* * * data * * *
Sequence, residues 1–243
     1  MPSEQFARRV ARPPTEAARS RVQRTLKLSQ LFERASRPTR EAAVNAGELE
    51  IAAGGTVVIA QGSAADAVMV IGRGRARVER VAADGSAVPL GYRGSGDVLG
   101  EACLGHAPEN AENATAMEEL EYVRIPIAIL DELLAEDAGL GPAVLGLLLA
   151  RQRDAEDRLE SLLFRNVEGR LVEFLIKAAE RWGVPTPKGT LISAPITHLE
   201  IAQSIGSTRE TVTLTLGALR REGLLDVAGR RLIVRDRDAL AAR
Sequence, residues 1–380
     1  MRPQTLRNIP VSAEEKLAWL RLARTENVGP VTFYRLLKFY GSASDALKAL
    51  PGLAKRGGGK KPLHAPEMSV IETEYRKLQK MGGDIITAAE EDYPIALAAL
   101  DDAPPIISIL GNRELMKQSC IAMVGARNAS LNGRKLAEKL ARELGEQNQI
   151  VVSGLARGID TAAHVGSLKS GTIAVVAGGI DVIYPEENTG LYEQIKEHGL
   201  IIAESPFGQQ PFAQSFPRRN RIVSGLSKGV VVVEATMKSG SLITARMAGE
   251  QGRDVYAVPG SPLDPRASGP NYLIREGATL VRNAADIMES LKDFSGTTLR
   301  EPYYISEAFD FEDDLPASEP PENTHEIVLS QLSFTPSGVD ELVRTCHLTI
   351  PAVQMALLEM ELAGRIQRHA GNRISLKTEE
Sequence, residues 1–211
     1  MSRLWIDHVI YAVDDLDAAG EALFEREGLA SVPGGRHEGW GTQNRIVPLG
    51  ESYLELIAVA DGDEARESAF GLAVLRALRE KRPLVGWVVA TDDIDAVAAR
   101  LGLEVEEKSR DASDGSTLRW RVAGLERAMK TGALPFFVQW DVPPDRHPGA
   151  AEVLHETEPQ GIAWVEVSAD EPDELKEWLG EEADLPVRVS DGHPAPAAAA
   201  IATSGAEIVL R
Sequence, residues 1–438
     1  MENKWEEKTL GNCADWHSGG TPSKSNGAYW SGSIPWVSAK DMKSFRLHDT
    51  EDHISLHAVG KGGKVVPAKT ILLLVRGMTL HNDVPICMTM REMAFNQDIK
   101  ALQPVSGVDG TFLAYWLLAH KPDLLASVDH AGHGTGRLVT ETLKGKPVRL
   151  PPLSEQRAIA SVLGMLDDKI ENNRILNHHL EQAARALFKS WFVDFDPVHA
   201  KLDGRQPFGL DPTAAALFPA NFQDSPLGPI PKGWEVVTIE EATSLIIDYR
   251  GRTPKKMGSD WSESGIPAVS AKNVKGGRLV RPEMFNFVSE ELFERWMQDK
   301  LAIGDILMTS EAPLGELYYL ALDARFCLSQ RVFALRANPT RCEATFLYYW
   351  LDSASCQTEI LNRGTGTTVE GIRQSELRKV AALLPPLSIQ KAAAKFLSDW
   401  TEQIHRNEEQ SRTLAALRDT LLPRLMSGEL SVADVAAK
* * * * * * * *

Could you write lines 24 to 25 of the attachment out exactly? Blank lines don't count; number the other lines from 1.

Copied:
    51  EDHISLHAVG KGGKVVPAKT ILLLVRGMTL HNDVPICMTM REMAFNQDIK
   101  ALQPVSGVDG TFLAYWLLAH KPDLLASVDH AGHGTGRLVT ETLKGKPVRL